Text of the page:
For the data shown in Figure 6, varying volumes of two standard samples comprised of predominately either empty or full capsids were mixed together to produce a series of samples for evaluation. To produce these mixtures with appropriate concentrations and ratios, a size exclusionchromatography (SEC) with intrinsic protein fluorescence (FLR) detection was employed to normalize the capsid concentrations of the empty and full AAV samples (data not shown). This concentration normalization was achieved based on the peak areas measured for both the empty and full AAV standard samples, which were assumed to be functionally pure, and in acceptance of a FLR response factor between full and empty capsid of 1.3.10 This response factor was previously reported for an AAV6 variant and was taken as a reasonable estimate for AAV8 capsid considering capsid protein homology. While this approximation was deemed adequate for the demonstration purposes of this study, it is important to point out that the assignment of empty and full AAV standard sample purities and content must be dutifully considered during method development.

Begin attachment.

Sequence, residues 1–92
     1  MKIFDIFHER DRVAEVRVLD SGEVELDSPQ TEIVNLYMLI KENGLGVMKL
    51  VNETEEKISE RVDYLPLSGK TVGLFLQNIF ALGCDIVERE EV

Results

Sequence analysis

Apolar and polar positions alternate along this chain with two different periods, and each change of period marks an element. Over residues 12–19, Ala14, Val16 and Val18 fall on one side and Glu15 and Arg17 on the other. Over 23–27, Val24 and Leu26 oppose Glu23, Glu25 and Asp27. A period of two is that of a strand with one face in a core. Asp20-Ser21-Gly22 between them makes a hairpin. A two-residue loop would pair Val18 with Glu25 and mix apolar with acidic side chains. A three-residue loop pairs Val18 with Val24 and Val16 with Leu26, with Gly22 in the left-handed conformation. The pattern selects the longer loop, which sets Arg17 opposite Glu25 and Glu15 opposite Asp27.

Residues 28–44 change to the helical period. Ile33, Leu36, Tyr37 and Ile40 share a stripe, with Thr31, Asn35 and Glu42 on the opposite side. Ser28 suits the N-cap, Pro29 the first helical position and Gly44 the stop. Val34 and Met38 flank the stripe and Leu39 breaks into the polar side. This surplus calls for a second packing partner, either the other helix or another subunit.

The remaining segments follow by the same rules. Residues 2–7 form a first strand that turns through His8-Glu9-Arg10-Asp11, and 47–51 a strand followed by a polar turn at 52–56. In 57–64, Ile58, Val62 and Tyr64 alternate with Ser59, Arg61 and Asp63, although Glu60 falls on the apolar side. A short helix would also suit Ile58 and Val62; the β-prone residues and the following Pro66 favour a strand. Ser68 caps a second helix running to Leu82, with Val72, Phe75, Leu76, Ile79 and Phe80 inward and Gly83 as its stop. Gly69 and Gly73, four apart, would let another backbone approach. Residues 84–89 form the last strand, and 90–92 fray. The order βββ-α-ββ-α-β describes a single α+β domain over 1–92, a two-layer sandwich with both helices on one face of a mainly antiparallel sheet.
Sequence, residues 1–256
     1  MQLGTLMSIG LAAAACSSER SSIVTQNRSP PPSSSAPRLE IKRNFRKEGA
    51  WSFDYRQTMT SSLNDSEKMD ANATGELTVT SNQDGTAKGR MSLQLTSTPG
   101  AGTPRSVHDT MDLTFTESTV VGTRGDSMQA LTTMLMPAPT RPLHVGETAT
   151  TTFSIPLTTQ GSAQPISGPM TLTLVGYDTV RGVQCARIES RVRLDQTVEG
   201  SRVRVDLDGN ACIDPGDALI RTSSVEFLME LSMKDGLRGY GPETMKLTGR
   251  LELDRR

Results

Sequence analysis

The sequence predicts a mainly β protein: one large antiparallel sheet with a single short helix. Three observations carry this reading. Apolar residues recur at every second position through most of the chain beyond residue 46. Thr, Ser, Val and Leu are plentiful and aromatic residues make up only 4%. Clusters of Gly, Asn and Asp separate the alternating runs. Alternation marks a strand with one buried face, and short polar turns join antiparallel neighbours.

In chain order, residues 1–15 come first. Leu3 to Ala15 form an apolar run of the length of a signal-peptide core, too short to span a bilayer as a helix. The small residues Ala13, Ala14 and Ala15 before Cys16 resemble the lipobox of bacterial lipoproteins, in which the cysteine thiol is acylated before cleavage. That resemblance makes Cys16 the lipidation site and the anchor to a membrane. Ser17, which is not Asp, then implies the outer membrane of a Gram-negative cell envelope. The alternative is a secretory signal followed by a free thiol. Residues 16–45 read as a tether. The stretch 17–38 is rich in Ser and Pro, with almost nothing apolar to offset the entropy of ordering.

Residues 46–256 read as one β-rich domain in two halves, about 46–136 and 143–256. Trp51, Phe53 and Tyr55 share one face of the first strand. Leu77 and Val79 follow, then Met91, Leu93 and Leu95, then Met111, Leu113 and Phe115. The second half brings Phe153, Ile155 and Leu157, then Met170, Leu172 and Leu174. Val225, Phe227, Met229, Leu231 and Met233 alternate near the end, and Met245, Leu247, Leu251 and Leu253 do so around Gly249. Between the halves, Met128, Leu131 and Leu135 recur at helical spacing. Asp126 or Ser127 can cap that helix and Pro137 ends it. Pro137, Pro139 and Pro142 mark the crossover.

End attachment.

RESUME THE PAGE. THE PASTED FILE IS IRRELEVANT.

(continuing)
Overall, Figure 6 demonstrates that this optimized AEX separation method can be used to monitor the ratios between empty and full capsids in an AAV8 sample. Also shown in Figure 6 is the linearity of the response. To produce this response curve, the peak areas for the empty and full standard were measured, after excluding the small peak area apexing around 16 min (green trace) and 12 min (black trace), respectively. A relative FLR response factor (RFF/E) of 1.9 was determined using the ratio of the full versus empty measured peak areas. This value was then divided into the area of the full capsid peak to normalize its response relative to the response of the empty capsid peak and then the relative abundances of empty and full capsids is calculated using Equation 1.